When planning our road trip through Nova Scotia, we had ideas of visiting the popular stops like the Cabot Trail, Cape Breton and The Bay of Fundy high tides. But when Nova Scotia tourism suggested we visit the South Shore, it sounded intriguing. We had heard of Lunenburg and Peggy’s Cove, but beyond that, we didn’t have a clue about all the things there are to see and do on Nova Scotia’s South Shore. Well, we soon found out and we’ve rounded up our best Nova Scotia Pictures from our time there.
Nova Scotia Pictures
A picture says a thousand words and these photos of Nova Scotia will transform you to an easy-going destination filled with beauty, culture, and an interesting maritime history. So sit back and enjoy our Nova Scotia Pictures of the sensational South Shore.
Lunenburg is a UNESCO World Heritage Site and probably one of the most well-known towns in Nova Scotia. Famous for its colourful houses, it’s one of the most picturesque cities on the entire East Coast of Canada. The undefeated racing schooner, The Bluenose calls it home and here you can take a walking tour of Lunenburg hosted by an 8th generation local who will tell you tales past down from years gone by.
Peggy’s Cove is the most famous tourist destination in all of Nova Scotia. Located just 30 minutes outside of Halifax, it attracts tourists from around the world who marvel at the rocky landscape of the Atlantic Coast where a lone lighthouse stands guard warning ships of the treacherous waters that lay ahead.
Peggy’s Cove is still a working fishing village and stilt houses line the harbour where boats constantly move in and out in search of lobsters, salmon and other Atlantic fish as they have done for centuries before.
Check out our video of our time in Nova Scotia
Yarmouth is a city located on the South West shore of Nova Scotia, and here you’ll find another historic lighthouse standing proud in a striking setting. The Cape Forchu lighthouse dates back to 1840 and is second only to Peggy’s Cove as Nova Scotia’s most photographed lighthouse.
Get the Lonely Planet’s Nova Scotia, New Brunswick & Prince Edward Island (Travel Guide)
The Fisheries Museum is an excellent place to learn about the history and fishing culture of Nova Scotia. This province was built on fishing and it is still a large part of their heritage.
The three churches of Mahone Bay are a must stop on the lighthouse route. The three spires lining the waterfront are a popular spot for photographers.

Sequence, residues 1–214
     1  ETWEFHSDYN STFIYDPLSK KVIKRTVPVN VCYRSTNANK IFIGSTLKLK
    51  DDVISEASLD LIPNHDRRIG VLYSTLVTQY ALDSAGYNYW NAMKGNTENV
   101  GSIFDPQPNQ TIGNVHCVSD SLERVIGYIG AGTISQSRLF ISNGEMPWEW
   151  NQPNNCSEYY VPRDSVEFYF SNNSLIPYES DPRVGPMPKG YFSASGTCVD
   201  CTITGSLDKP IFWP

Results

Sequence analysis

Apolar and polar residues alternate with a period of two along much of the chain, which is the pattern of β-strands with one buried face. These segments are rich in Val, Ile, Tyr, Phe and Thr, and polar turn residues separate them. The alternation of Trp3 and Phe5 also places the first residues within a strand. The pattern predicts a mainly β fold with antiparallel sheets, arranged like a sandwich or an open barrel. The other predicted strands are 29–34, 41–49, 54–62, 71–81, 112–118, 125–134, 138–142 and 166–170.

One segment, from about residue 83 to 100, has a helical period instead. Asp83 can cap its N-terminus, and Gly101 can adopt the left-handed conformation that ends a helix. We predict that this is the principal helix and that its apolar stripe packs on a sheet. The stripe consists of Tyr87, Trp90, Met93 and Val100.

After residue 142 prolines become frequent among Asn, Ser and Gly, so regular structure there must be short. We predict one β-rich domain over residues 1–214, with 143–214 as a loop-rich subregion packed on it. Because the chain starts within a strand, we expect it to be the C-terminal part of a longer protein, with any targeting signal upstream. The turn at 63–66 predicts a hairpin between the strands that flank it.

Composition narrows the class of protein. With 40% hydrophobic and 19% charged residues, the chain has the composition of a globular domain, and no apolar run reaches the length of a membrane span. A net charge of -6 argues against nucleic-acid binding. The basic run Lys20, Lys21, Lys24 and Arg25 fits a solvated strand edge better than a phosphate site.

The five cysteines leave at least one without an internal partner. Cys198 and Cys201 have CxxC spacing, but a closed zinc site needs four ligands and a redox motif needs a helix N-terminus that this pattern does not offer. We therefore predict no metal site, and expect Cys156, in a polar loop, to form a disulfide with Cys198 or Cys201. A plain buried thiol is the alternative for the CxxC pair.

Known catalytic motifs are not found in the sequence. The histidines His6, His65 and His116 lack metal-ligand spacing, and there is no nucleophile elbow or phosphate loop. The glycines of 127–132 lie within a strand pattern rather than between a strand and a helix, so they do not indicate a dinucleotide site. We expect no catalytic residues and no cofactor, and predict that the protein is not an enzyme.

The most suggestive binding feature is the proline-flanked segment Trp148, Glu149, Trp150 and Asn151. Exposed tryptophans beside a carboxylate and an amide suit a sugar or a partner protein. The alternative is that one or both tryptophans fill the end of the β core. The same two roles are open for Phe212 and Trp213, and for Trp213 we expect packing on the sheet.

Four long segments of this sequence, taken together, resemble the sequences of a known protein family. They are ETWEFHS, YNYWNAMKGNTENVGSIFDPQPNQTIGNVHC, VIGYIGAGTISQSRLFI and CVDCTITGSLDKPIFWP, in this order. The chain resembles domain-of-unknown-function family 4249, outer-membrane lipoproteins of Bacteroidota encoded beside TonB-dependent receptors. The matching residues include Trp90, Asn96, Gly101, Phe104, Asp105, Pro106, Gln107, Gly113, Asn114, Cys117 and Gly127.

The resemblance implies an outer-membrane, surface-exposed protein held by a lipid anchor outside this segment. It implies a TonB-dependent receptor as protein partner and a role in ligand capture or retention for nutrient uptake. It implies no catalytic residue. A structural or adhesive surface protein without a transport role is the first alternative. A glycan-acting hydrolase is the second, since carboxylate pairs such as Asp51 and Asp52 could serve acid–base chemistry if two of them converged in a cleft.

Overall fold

Located just outside of Lunenburg, Blue Rocks is yet another picturesque fishing village. Make your way to Blue Rocks at sunrise when the tide is low for the most stunning captures.
Nova Scotia is famous for Astral Photography with a night skies preserve at Kejimkujik National Park. We didn’t make it to the dark skies preserve, but the noise pollution is light wherever you go in Nova Scotia and we managed to snap this shot from our Peggy’s Cove accommodation – Oceanstone Resort
Downtown Halifax is growing fast with construction all over town. The new Halifax Library is a modern piece of architecture winning a Lieutenant Governor’s Design Award in 2014.
The LaHave is a good stop for lunch, coffee or snacks while driving through Nova Scotia’s South Shore. Located just 15 minutes from Bridgewater, it’s a popular gathering point for cyclists, and road trippers making their way along the Lighthouse Route (rte 331)
Make sure to take the time to really explore the coast. Nova Scotia has a gorgeous coastline that constantly changes before your eyes. It’s the rocky landscape that is the most captivating.
Lobster is everywhere in Nova Scotia and locals are always creating new ways to enjoy it. While fresh out of the pot is preferred by all, there’s lobster mac and cheese and this dish above: Lobster Poutine
Liverpool was home to the Privateers defending the area in the 18th century. The Fort Point Lighthouse is a small lighthouse on the route, but it’s worth a visit with an informative video, a picturesque setting and interpretive stations as well as a chance to blow the fog horn!
When visiting Nova Scotia, chances are you’ll see a piper or two playing traditional music.
The best way to explore the coast is by kayak. There are several places you can rent kayaks along the lighthouse route, including blue rocks, Argyle and just outside of Peggy’s Cove at Lower Prospect Point.
Don’t miss Crescent Beach, it’s the only beach you can drive on in Nova Scotia and it stretches for 2 km.
Nova Scotia is fast becoming known for it’s culinary treats. With many places promoting farm to table and utilizing local produce, it’s a delicious journey through the province.
The Halifax Public Gardens are 16 acres of quiet solitude in the heart of the city.
The award-winning Fleur de Sel Restaurant in Lunenburg has been voted one of the best places to eat in Canada. It’s a must when visiting Halifax. Their specialty of local scallops is a must and don’t forget to try the lobster.
The haskapa berry is the next superfood. With more nutrients than blueberries, it has three times the antioxidents of other bush berries and more vitamin C than an orange. Originating in Japan, Nova Scotia is fast becoming the place to buy this healthy treat.
When visiting Peggy’s Cove, the crowds can be brutal. Make sure to stay in a nearby lodge and get up early to have it all to yourself. A word of caution, stay off the black rocks. People have been swept out to sea by ignoring the warnings. Don’t let that be you!
Our travels to Nova Scotia were in partnership with Nova Scotia Tourism, visit their website for more information travel to the Atlantic Province.